9 Replies
Praying4baby - July 27

I was recently diagnosed with a hydrosalpinx in my right tube, constituting appriximately 40% of the distal end. The HSG showed that the left tube was open. Statistically speaking, what are my chances of conceiving naturally? Should I look into having the hydrosalpinx removed? My doctor feels that we should wait 6-9 months since there are no other known fertility factors. Any advice that you could offer would be greatly appreciated.


B. Jacobs, M. D. - July 27

If you have a hydrosalpinx on one side, you probably have damage on the other side, which is "open". Damaged tubes increase the risk of tubal pregnancy. Also, we know from IVF that hydrosalpinx interferes with embryo implantation.
Good luck.


Praying4baby - July 28

Dr. Jacobs,

Thank you for the information. Does that mean that the majority of women who are diagnosed with a unilateral hydrosalpinx can almost never conceive naturally?

Thank you.


B. Jacobs, M. D. - July 28

I have no data to determine the probability of a successful pregnancy with only a single hydrosalpinx, and a patent tube on the other side. There is a greater potential for a tubal pregnancy in the case described.


Praying4baby - August 4

Dr. Jacobs,

If the fluid from a hydrosalpinx drains into the uterus, will there be a noticable discharge after ovulation? I assume that the fluid drains around the same time that the isthmus relaxes to allow the embryo to pass into the uterus.

Thank you for your help.


B. Jacobs, M. D. - August 4

If you have a hydrosalpinx, you are not likely to conceive without IVF. If you do, you will probably have a tubal pregnancy. With IVF, you totally bypass the tubes, and the embros are never in the isthmus portion of the tubes. If the fluid drained, there would be no fluid in the tubes.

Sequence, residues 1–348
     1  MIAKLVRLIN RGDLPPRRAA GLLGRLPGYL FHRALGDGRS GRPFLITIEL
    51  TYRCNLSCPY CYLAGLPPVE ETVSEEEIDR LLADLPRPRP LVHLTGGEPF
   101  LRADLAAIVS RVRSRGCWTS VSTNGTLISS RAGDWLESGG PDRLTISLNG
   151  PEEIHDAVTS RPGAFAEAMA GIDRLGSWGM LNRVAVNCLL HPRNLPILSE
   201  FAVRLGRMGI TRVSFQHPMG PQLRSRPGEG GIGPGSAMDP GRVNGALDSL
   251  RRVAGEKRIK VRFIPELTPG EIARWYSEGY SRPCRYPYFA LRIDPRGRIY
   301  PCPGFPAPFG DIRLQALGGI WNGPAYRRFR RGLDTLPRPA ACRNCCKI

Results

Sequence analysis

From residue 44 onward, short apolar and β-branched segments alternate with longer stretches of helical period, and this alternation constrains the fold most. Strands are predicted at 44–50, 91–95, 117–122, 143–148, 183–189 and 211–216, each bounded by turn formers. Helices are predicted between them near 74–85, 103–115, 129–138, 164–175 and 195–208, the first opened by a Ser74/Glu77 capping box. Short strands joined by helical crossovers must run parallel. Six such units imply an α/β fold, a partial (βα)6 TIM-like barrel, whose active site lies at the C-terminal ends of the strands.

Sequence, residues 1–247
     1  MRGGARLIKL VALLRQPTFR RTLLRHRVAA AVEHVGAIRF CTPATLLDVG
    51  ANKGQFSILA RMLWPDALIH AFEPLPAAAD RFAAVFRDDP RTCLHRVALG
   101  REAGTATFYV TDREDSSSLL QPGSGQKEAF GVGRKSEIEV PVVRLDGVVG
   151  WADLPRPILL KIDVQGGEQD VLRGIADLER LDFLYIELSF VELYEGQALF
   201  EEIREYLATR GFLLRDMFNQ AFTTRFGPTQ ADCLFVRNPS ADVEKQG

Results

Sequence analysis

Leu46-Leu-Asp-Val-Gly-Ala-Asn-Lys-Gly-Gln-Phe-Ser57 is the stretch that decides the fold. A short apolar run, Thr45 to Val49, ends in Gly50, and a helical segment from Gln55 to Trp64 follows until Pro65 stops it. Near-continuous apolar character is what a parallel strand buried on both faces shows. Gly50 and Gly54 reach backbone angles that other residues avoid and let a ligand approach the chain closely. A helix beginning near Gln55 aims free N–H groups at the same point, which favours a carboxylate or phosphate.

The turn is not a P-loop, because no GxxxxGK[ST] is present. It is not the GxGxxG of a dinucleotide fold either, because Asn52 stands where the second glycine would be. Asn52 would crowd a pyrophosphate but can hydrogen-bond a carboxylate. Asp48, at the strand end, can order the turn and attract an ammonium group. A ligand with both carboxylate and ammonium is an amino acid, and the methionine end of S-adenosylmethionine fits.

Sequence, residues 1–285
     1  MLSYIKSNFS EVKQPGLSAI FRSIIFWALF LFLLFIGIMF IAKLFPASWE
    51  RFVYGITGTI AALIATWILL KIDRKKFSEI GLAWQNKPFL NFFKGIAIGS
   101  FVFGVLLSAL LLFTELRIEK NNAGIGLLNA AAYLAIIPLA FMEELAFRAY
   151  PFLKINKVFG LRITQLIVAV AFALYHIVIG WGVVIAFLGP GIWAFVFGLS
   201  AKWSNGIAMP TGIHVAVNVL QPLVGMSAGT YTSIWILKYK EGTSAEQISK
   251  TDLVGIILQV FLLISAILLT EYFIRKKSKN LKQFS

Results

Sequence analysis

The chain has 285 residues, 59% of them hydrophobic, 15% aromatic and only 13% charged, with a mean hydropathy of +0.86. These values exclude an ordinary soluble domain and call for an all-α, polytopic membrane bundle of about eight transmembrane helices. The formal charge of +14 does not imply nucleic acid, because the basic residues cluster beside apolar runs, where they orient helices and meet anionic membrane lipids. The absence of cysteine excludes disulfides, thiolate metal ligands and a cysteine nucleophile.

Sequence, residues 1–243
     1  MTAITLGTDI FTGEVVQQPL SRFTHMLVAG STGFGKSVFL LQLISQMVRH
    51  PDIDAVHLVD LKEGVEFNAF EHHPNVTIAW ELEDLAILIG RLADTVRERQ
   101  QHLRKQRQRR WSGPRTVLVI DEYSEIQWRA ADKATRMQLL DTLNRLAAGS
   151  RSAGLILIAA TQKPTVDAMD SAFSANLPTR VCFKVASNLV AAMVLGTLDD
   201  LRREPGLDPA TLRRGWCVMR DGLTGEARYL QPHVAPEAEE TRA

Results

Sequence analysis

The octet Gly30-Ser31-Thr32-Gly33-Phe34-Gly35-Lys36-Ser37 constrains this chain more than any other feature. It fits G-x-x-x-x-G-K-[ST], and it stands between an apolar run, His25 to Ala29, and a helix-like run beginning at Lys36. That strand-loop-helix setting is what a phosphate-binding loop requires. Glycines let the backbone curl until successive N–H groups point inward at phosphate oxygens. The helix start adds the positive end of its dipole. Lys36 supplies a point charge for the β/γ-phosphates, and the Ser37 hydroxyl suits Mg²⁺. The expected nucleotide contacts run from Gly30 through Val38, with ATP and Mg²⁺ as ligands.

kazata - August 10

My research shows that removal of a unilateral hydrosalpinx improves the chances of natural pregnancy. See for example, this article:


had a recent lap which confirmed a right hydrosalpinx, but the left tube was fine. In my case it was due to a congenital defect - the fimbria portion of the right tube, though normal (not closed), was not connected to the remaining portion, but the remainder was closed at the top and constantly filling with fluid).

Alternatively, even if pursuing IVF, it is my understanding that the hydro should be removed, b/c it impairs chances of conception, even though IVF bypasses the tubes.


B. Jacobs, M. D. - August 10

You are correct.


kazata - August 10

I meant to ask why you believe that the "open" tube would also be damaged (is it due to the fluid from the other tube, or simply b/c the usual reason for a hydro is infection?) Is there some way to detect whether there is damage to the other tube? Would it also need to be removed prior to IVF? In the article I cited above, none of the patients had ectopic pregnancies after removal of a unilateral hydrosalpinx.


B. Jacobs, M. D. - August 11

It is extrenmely rare to have a hydrosalpinx, without having had an infection in your fallopian tubes. Infection effects both tubes, but damage may be worse in one than the other. For IVF the issue is the fluid trapped in the tube which is a hydrosalpinx.



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